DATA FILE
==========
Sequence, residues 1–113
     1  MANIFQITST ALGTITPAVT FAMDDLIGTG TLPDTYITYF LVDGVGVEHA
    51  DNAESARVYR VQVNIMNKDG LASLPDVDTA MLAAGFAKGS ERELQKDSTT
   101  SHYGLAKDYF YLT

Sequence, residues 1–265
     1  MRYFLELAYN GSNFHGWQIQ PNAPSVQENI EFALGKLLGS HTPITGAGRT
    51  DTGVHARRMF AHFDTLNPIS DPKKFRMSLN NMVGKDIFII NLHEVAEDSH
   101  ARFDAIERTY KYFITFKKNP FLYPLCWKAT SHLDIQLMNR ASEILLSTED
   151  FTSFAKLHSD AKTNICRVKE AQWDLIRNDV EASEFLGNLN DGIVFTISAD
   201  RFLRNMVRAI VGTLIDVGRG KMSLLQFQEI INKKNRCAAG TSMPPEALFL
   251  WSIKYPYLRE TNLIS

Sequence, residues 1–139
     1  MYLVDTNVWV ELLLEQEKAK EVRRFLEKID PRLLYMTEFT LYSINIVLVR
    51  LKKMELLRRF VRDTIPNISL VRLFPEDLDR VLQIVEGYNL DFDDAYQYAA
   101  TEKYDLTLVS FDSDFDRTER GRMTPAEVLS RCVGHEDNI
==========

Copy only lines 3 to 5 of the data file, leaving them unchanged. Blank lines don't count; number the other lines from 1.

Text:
    51  DNAESARVYR VQVNIMNKDG LASLPDVDTA MLAAGFAKGS ERELQKDSTT
   101  SHYGLAKDYF YLT

Sequence, residues 1–265